However, even with this technology, there are still visible traces of ghosting. Unless I use the fastest refresh modes, the ghosting doesn't impact reading quality, though.
The Nova2 Is a Great Reading Experience
The 7.8-inch 1872x1404, 300DPI E Ink Carta display has great contrast with crisp, clear text. Even with a matte-glass finish, the display looks whiter than the previous Nova Pro model.
The Default Reading App Is Excellent
The Nova2's default reading experience stands above its competitors. While you can install any ebook app (I recommend KOReader, which is on the open-source app store F-Droid), the native reading software onboard the Nova2 is versatile and efficient. Aside from being able to reflow any text, including sloppily scanned images, it can write notes directly onto ebooks. In other words, you can write on, highlight, and annotate your texts.
Using the Onyx Boox Nova2
Activate the Google Play Store on Onyx Boox Devices
As a full-Android device, capable of installing apps from the Google Play Store, the Nova2 requires patience. You'll need to do two things: first, activate the Play Store and, second, learn how to sideload content on it. If that sounds too complicated, a Kindle Paperwhite, Oasis, or Kobo might better meet your needs.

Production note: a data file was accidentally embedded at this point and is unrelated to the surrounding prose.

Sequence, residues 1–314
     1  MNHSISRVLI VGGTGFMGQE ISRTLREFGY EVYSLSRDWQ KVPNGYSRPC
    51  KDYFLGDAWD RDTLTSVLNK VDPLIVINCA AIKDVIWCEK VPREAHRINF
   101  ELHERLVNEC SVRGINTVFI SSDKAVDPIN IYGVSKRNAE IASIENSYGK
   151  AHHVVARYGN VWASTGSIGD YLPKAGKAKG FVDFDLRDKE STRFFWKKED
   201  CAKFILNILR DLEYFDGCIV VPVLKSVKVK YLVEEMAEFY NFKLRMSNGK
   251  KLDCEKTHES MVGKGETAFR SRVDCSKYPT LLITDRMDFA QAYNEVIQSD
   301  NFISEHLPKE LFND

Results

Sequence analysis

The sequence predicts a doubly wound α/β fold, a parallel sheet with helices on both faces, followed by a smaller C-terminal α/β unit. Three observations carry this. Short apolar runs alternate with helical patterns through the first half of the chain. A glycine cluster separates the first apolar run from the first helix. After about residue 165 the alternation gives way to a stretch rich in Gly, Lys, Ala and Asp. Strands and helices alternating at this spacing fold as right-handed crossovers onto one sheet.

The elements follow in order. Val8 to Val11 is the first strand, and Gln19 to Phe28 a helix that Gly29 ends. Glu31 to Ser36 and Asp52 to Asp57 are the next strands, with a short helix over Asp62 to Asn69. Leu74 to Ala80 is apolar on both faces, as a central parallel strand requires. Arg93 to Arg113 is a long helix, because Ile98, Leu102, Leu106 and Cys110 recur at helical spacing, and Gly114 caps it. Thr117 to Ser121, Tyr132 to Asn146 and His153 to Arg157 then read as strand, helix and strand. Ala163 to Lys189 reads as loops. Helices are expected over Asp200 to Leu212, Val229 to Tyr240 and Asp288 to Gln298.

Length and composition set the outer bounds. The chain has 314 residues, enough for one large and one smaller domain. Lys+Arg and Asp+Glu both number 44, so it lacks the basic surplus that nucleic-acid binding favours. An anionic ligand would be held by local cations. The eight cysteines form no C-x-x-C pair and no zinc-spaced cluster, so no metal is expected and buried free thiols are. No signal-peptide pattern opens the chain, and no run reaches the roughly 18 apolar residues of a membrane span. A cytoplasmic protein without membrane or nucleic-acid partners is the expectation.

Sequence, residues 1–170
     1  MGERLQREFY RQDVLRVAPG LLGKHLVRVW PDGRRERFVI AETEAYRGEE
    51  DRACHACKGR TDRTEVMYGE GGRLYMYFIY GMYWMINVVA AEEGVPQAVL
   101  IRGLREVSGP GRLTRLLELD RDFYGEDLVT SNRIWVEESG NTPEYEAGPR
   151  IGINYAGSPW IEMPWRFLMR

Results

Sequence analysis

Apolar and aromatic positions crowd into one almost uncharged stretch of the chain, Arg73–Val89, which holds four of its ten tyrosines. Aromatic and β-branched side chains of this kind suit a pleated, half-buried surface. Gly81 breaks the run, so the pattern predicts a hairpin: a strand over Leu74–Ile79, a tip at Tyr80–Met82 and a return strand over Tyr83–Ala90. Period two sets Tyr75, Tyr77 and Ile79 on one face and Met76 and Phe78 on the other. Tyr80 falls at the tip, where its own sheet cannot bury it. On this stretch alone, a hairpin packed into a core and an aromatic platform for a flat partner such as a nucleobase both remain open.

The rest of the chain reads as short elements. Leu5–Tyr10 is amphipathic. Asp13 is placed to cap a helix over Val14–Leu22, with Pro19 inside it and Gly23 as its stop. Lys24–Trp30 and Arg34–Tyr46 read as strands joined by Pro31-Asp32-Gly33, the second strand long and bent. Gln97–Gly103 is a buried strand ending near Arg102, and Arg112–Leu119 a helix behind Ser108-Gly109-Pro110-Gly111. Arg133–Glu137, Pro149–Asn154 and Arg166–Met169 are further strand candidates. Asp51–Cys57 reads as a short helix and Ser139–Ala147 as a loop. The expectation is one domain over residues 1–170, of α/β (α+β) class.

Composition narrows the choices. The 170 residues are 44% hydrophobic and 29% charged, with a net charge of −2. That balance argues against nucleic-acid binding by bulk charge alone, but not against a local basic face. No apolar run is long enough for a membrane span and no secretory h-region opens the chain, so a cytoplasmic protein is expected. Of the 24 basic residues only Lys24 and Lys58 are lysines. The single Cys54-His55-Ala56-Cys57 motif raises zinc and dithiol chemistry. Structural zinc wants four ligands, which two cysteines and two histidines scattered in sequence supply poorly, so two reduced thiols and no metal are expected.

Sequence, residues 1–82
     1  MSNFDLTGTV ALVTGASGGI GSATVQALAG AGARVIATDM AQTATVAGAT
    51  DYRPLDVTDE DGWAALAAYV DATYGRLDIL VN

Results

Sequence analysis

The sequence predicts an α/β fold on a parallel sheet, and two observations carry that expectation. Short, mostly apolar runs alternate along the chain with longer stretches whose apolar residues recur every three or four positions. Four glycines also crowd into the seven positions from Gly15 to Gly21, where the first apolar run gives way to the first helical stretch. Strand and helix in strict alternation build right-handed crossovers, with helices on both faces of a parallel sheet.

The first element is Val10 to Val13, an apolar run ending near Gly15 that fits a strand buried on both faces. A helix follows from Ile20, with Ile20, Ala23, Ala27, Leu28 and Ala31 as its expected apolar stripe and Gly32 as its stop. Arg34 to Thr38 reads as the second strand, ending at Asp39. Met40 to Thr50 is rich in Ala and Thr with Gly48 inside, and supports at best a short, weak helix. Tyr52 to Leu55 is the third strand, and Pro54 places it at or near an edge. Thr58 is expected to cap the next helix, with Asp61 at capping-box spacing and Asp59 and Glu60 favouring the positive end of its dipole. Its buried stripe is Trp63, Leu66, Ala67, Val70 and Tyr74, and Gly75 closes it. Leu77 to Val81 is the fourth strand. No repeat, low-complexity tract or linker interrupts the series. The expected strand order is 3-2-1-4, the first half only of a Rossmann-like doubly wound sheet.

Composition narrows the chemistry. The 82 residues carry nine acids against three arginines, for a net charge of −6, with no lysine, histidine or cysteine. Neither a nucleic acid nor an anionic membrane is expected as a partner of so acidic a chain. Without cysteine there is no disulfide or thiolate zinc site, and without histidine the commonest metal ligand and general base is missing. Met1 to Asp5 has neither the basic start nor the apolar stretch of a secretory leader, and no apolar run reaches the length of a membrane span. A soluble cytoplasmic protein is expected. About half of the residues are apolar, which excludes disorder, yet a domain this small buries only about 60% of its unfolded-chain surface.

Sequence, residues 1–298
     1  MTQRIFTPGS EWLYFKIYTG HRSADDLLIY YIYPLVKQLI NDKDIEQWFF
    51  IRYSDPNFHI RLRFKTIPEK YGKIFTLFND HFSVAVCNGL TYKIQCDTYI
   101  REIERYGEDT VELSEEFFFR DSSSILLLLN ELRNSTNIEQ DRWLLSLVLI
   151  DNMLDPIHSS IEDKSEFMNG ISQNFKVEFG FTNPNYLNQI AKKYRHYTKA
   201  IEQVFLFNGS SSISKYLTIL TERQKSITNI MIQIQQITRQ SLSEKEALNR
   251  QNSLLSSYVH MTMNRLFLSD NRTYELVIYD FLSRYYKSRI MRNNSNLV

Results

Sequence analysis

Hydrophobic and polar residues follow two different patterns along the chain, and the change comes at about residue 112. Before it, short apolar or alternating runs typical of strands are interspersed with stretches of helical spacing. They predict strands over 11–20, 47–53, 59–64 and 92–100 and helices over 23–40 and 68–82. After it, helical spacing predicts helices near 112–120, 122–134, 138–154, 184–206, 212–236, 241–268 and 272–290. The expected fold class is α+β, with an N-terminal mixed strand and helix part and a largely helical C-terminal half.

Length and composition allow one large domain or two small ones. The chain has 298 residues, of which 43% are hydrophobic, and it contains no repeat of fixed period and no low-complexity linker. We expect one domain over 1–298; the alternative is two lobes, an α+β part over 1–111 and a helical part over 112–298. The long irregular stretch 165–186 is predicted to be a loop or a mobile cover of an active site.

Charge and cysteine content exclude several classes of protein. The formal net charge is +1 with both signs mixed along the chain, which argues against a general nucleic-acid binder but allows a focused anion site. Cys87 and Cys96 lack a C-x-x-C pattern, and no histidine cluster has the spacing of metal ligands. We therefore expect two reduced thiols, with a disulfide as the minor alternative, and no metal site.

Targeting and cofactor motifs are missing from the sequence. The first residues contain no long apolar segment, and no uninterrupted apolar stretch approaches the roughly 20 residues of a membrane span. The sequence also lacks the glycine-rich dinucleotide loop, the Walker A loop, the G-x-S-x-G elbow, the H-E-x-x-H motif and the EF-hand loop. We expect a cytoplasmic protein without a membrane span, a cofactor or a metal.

The Boox Nova2 Launcher
The Nova2's home page includes shortcuts to a Library ebook organizer, Onyx's defunct ebook Store (which only offers public domain books), Storage, the app manifest, and a Settings menu. New to the Nova series, there's a Notes feature, which takes advantage of a Wacom touch layer. Of these features, the ones worth mentioning are its Notes app and its native reader, which appears to be based on the open-source FBReader. Onyx brands the app as the Neo Reader.
The Native Ebook Reader App Is Crazy Good
If you launch any ebook from within the Library app, it opens in Onyx Neo Reader.
Neo Reader opened every book format that I threw at it, from EPUB, to massive 800MB PDFs, to CBZ. While it won't natively open Kindle books, you can install Amazon's Kindle app through the Google Play Store or convert Amazon's ebooks using Calibre.
The best thing about the Neo Reader is that you can hand-write notes directly onto the text. While there are zero margins to write in, the app will write-to and save all your marks. Personally, I'd feel more comfortable with a 10-inch eReader for annotations, but if you're just highlighting text, then it's perfectly adequate. For taking more detailed, handwritten notes, I'd strongly recommend the Notes app.